Sibelius

Klaus Mäkelä / Oslo Philharmonic Orchestra

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Sibelius Review

by James Manheim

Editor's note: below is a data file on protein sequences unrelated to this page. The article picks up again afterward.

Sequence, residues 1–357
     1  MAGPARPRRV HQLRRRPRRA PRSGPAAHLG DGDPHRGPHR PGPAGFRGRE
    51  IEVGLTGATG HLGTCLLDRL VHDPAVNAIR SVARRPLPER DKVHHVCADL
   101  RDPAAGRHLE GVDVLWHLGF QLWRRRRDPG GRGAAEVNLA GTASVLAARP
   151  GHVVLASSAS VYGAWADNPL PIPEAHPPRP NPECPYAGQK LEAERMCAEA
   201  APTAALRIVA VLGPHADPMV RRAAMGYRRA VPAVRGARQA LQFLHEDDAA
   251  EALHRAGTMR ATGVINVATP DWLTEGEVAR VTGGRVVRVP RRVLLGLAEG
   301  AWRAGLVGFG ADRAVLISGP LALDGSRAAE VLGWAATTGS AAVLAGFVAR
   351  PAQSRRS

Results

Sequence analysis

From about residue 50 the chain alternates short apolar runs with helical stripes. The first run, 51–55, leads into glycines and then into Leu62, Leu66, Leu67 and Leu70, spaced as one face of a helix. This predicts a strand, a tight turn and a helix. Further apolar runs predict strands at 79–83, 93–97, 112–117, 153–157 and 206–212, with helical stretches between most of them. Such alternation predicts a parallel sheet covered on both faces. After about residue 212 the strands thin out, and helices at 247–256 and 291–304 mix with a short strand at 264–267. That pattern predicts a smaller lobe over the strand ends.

The Oslo Philharmonic has had a number of Finnish conductors down through the years, but it is due to the pandemic that listeners are able to sample the work of its new young one ("boy wonder" is a possible formulation), Klaus Mäkelä, in the Olympic medal round of the Sibelius symphonies. During the 2020-2021 season, many of the orchestra's concerts were canceled, and Mäkelä was forced to focus on the Sibelius works that had already been prepared. "We played, played, played, and then recorded," Mäkelä says in the notes, which nicely interweaves his own insights with those of Nordic music historian Andrew Mellor. The results show the Oslo players in peak form, and the same is true of the hall where the music was recorded, the Oslo Konserthus. This venue has been the subject of controversy; Mariss Jansons went so far as to resign his conductorship over its acoustics, but here, one can detect what the sound designers had in mind. The acoustics have an extremely spacious, laid-back sound. One can hear how Beethoven in this hall might be a muddy mess, but it fits nicely with Mäkelä's readings, which are deliberate, spacious themselves, and oriented toward the long line. Consider the Symphony No. 5 in E flat major, Op. 82, for the flavor of his work here. The opening is deliciously sensitive, and the descending figure when it appears in the slow movement is beautifully honed. Mäkelä is perhaps at this best in the extraordinarly complex Symphony No. 7 in C major, Op. 105, and least successful in the Tchaikovskian Symphony No. 1 in E minor, Op. 39. Distinctive features here include the presence of the late tone poem Tapiola, Op. 112, which Mellor perceptively identifies as a kind of summation of the composer's work, and of three late fragments from Sibelius' notes that might have represented ideas for the Symphony No. 8 that the composer ultimately tossed into the flames. This is a beautifully formed and executed Sibelius set, and it's no surprise that enough listeners have braved the hefty list price of the set and placed it on the classical best-seller lists.

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